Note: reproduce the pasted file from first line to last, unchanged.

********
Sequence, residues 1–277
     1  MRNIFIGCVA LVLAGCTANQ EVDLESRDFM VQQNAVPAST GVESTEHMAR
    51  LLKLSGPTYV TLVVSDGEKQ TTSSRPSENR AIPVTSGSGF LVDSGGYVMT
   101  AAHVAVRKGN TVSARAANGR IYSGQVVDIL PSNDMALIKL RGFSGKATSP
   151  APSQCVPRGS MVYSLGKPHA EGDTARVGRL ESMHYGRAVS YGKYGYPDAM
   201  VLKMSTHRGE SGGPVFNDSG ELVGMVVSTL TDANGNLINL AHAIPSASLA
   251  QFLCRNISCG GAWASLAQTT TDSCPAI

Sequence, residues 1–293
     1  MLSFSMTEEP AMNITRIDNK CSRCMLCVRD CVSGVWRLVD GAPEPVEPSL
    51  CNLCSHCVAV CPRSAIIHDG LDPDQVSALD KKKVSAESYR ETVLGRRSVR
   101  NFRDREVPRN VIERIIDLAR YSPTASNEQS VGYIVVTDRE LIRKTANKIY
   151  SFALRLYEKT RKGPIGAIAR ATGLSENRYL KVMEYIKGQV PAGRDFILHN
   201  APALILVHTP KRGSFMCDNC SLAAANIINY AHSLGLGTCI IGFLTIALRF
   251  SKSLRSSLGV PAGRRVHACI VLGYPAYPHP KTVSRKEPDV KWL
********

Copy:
Sequence, residues 1–277
     1  MRNIFIGCVA LVLAGCTANQ EVDLESRDFM VQQNAVPAST GVESTEHMAR
    51  LLKLSGPTYV TLVVSDGEKQ TTSSRPSENR AIPVTSGSGF LVDSGGYVMT
   101  AAHVAVRKGN TVSARAANGR IYSGQVVDIL PSNDMALIKL RGFSGKATSP
   151  APSQCVPRGS MVYSLGKPHA EGDTARVGRL ESMHYGRAVS YGKYGYPDAM
   201  VLKMSTHRGE SGGPVFNDSG ELVGMVVSTL TDANGNLINL AHAIPSASLA
   251  QFLCRNISCG GAWASLAQTT TDSCPAI

Sequence, residues 1–293
     1  MLSFSMTEEP AMNITRIDNK CSRCMLCVRD CVSGVWRLVD GAPEPVEPSL
    51  CNLCSHCVAV CPRSAIIHDG LDPDQVSALD KKKVSAESYR ETVLGRRSVR
   101  NFRDREVPRN VIERIIDLAR YSPTASNEQS VGYIVVTDRE LIRKTANKIY
   151  SFALRLYEKT RKGPIGAIAR ATGLSENRYL KVMEYIKGQV PAGRDFILHN
   201  APALILVHTP KRGSFMCDNC SLAAANIINY AHSLGLGTCI IGFLTIALRF
   251  SKSLRSSLGV PAGRRVHACI VLGYPAYPHP KTVSRKEPDV KWL